Failing to regularly work up a sweat through exercise may raise risks for a stroke or transient ischemic attack (TIA), a new study confirms.

The study found that participants who were inactive had a 20% increased risk for stroke compared with those who exercised 4 or more times per week, and that those who were active 1 to 3 times a week were 16% more likely to suffer a stroke.

“The point here is that you should be exercising 4 times a week at least and doing it hard enough so that you’re getting a bit of a sweat,” lead author Michelle N. McDonnell, PhD, lecturer, rehabilitation, University of South Australia, Adelaide, toldMedscape Medical News.

The study was published online July 18 in Stroke.

Sweat Question

The Reasons for Geographic and Racial Differences in Stroke (REGARDS) is a population-based, longitudinal study of 30,239 Americans aged 45 years or older, with oversampling of blacks and residents of the Stroke Belt, an area in the southeastern United States that has a relatively higher stroke mortality rate.

Dr. Michelle N. McDonnell

Participants were asked how many times a week they engaged in physical activity intense enough to work up a sweat. Researchers categorized responses into 3 groups: no times per week, 1-3 times per week, and 4 or more times per week. One third of participants reported exercising less than once a week.

The question about exercise-related sweating is easy to answer, and responses correlate well with fitness level, said Dr. McDonnell. “It’s really biasing towards more vigorous activity, which we know is important.”

Researchers verified strokes through medical records and classified them into ischemic or hemorrhagic. The 27,348 participants, who were stroke free at the start of the study, were followed for a mean of 5.7 years.

The study found that compared with those who hit the gym, biked to work, or were similarly active at least 4 times a week, the hazard ratio (HR) for stroke/TIA for those undertaking no physical activity was 1.20 (95% confidence interval [CI], 1.02 – 1.42) after adjustment for age, sex, race, and age-race interaction. For 1 to 3 times per week, the HR was 1.16 (95% CI, 0.98 – 1.42).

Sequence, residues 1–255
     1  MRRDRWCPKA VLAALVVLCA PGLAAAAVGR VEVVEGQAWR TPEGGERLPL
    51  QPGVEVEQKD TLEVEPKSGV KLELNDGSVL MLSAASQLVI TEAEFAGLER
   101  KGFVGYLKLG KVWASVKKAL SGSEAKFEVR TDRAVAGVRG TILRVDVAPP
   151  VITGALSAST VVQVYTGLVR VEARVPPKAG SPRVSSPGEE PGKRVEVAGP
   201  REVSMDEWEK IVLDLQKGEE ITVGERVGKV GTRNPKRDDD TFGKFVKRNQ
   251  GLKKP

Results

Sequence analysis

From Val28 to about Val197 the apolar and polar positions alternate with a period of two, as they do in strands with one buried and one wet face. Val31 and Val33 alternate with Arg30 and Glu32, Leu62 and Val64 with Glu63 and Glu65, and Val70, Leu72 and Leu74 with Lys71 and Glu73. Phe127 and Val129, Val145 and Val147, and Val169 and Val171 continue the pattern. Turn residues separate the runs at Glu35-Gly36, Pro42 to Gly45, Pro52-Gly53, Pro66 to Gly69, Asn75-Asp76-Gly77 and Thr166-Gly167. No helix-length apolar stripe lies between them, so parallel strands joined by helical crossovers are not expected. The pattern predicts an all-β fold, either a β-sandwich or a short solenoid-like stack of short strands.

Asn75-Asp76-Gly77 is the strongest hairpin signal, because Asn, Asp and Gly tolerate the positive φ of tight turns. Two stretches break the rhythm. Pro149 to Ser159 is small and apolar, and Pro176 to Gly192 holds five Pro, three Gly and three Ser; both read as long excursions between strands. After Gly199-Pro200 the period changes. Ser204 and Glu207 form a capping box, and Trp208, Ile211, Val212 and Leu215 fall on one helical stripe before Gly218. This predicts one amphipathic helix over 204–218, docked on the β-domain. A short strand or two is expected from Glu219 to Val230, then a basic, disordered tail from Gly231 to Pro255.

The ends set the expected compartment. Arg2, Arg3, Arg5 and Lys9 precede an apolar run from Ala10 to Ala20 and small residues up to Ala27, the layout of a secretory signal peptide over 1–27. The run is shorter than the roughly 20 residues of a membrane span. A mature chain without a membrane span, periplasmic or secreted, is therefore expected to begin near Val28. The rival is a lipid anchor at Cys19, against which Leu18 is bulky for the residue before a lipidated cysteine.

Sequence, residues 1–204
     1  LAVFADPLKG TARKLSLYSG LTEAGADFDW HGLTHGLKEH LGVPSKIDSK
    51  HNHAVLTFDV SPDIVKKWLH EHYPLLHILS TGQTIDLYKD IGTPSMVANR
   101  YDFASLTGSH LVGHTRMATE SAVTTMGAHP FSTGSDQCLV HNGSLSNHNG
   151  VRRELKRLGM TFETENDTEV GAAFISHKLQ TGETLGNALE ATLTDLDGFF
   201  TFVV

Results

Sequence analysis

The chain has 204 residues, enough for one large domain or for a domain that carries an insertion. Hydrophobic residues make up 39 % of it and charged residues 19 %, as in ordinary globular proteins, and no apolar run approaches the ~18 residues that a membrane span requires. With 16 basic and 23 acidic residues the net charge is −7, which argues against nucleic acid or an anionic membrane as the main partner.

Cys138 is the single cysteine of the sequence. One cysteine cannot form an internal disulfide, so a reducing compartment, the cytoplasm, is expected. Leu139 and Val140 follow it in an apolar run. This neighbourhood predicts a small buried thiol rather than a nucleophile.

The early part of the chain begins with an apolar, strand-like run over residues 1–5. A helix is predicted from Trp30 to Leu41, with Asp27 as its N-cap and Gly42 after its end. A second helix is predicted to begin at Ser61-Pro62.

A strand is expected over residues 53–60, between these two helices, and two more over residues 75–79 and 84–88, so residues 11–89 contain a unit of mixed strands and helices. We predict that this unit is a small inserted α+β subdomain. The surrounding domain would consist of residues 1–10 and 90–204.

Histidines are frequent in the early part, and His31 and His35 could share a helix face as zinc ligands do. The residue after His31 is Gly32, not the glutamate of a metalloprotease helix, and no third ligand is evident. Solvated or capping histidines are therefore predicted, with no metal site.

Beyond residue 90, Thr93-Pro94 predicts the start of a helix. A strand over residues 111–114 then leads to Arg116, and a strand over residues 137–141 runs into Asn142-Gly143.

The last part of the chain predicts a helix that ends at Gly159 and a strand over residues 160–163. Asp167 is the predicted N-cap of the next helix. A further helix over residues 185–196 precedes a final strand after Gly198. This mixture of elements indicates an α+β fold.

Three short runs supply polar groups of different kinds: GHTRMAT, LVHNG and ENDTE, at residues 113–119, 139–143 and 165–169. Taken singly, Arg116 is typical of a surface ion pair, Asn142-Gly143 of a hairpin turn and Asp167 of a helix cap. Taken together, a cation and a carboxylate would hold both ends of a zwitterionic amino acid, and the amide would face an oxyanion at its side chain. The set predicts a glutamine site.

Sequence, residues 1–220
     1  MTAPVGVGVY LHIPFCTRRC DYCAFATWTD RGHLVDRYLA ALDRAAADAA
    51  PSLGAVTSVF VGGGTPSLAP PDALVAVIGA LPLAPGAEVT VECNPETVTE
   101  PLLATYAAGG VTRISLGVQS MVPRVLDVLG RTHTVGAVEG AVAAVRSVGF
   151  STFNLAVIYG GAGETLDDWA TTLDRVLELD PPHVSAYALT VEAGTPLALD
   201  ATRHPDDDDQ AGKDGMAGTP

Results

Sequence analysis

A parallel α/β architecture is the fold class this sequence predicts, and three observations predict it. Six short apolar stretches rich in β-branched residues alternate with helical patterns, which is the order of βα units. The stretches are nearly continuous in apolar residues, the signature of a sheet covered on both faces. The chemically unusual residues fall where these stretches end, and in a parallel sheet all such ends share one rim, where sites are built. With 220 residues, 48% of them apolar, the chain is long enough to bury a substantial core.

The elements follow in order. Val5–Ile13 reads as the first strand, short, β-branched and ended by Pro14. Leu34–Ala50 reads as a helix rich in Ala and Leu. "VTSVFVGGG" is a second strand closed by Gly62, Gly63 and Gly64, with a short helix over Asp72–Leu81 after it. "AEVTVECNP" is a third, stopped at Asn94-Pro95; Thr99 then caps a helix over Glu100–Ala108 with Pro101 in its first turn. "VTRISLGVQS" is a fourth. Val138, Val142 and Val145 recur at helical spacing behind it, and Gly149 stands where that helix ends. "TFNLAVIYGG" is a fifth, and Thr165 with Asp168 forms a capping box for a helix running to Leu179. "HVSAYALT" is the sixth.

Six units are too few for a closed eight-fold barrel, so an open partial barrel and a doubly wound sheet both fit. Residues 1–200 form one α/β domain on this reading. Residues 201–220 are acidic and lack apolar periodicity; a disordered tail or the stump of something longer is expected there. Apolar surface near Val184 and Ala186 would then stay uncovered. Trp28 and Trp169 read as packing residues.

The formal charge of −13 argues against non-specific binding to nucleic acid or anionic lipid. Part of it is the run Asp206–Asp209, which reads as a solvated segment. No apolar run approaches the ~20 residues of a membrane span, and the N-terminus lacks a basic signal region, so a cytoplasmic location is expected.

After also controlling for region, urban/rural residence and socioeconomic status, the significant association remained, with similar HRs.

There seemed to be a dose-dependent relationship, with exercising 1 to 3 times per week providing less protection against stroke than for boosting that to 4 or more times a week.

Risk Factors

After adjustment for stroke risk factors, the effect was reduced by 30% to 1.14 (CI, 0.95 – 1.37) and was statistically insignificant. “This tells us that exercise seems to be working by reducing blood pressure and reducing obesity and perhaps helping with controlling diabetes, so exercise is working on lots of things all at the same time,” commented Dr. McDonnell.

Those in the study who were more physically active were generally more fit, had lower blood pressure; and were less overweight or obese judging from body mass index (BMI) data, although, unexpectedly according to the authors, they tended to drink more alcohol.

Physical activity also has direct biological effects that could be protective against stroke. According to Dr. McDonnell, it improves circulation and endothelial function, and reduces platelet activity to help prevent formation of blood clots, in addition to enhancing brain function.

Other research suggests that people who are more physically active who suffer a stroke have a less severe episode and will recover much better than those who are inactive, added Dr. McDonnell.

When looking at the effects of sex, the authors found that men who took part in physical activity 1 to 3 times per week had a greater incidence of stroke compared with those who exercised 4 or more times per week (HR for demographic model, 1.30; HR for socioeconomic status model, 1.26).

“In men, those who exercise 3 times a week didn’t have the same benefits as those who exercised 4 or more times a week, suggesting that for men in particular it’s that 4 times a week, rigorous activity that is really important,” said Dr. McDonnell.